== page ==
But in arriving at the conclusion that the punches caused the injuries, Ms Clements gave little weight to, or rejected, the crucial and undisputed medical opinions provided to the inquest.

Instead, she accepted and added to the evidence of drunken witness Roy Bramwell, whose account suggests Sergeant Hurley punched Doomadgee.

While that mistake by Ms Clements presumably had great influence on the final decision by Ms Clare not to prosecute, it should not have done so.

What would be put to a jury in a criminal trial is the evidence of witnesses, not the coroner's incorrect conclusions and findings.

In rejecting a prosecution of Sergeant Hurley, it is apparent that Ms Clare has rejected or given little weight to evidence that Doomadgee died through an act of violence and not, as she described it, "a terrible accident".

As Ms Clare pointed out in her reasons for not laying any charges over the death, two autopsies were conducted on Doomadgee.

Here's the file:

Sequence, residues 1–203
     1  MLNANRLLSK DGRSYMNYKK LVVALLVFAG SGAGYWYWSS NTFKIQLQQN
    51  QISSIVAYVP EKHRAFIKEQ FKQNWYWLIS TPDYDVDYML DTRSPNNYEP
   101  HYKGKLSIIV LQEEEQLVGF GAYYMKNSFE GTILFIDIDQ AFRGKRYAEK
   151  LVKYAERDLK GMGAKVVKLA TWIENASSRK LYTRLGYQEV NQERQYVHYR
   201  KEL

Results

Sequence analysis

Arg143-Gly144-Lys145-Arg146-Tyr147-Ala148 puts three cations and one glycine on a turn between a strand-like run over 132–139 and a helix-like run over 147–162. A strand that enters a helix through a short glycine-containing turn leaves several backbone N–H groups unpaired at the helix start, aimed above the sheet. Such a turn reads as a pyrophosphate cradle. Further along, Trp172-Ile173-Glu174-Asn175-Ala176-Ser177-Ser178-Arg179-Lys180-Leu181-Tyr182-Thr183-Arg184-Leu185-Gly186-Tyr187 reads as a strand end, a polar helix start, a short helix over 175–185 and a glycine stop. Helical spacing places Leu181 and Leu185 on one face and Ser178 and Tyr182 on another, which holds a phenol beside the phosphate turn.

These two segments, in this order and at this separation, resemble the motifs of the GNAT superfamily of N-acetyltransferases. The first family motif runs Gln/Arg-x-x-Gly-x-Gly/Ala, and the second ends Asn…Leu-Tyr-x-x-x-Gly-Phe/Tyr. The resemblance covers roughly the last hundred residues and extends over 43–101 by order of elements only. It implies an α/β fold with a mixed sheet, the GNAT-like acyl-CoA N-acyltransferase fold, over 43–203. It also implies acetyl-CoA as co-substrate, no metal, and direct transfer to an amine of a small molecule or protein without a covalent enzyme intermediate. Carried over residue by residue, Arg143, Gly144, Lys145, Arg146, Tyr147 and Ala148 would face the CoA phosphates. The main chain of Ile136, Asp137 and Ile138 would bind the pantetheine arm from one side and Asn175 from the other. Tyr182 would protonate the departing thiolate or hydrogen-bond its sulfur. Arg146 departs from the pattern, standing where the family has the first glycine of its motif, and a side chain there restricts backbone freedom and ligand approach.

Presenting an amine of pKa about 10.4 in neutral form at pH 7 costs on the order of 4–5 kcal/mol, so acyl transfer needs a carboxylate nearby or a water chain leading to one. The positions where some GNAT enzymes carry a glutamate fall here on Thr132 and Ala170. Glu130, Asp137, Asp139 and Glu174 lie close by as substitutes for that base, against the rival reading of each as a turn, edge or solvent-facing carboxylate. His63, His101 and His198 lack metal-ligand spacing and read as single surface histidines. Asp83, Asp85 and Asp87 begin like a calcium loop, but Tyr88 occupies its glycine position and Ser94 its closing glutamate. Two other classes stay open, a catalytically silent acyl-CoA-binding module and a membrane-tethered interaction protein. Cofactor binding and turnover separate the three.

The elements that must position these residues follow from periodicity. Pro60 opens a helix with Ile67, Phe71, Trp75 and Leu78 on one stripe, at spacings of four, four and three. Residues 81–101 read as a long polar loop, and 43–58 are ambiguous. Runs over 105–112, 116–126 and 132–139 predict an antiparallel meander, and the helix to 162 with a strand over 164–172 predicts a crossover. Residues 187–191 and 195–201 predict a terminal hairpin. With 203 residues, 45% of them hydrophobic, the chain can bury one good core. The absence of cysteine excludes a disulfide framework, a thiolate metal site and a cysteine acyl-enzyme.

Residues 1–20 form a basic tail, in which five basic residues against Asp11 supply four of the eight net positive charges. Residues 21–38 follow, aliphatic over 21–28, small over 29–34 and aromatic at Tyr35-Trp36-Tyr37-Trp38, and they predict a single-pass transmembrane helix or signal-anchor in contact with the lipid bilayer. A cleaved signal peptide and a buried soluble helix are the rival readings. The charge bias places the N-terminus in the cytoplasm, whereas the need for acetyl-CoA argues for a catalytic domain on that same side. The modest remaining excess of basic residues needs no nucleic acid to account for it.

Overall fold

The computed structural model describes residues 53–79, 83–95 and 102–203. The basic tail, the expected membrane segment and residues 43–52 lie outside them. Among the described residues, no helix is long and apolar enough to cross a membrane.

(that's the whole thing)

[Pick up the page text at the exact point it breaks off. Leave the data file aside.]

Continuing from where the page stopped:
"From them we know that neither kicks nor punches are likely to have caused Mr Doomadgee's death. On the evidence, the fall is the only satisfactory explanation for the injuries identified by the doctors," she said.

That is absolutely true. It was even admitted by Sergeant Hurley under cross-examination that he "must have" fallen on Doomadgee, who was on his back on the concrete floor of the Palm Island watchhouse following a "scuffle" between them.

This is the key to whether Doomadgee was killed, or died by accident.

It would be simple, on evidence provided to the coroner by police at the scene, to establish that Sergeant Hurley landed on top of Doomadgee, and the result was a shirtful of broken ribs and a cleaved liver.

It would be open to the jury to decide whether that "landing on Doomadgee" was a deliberate and malicious act by Sergeant Hurley, or an accident.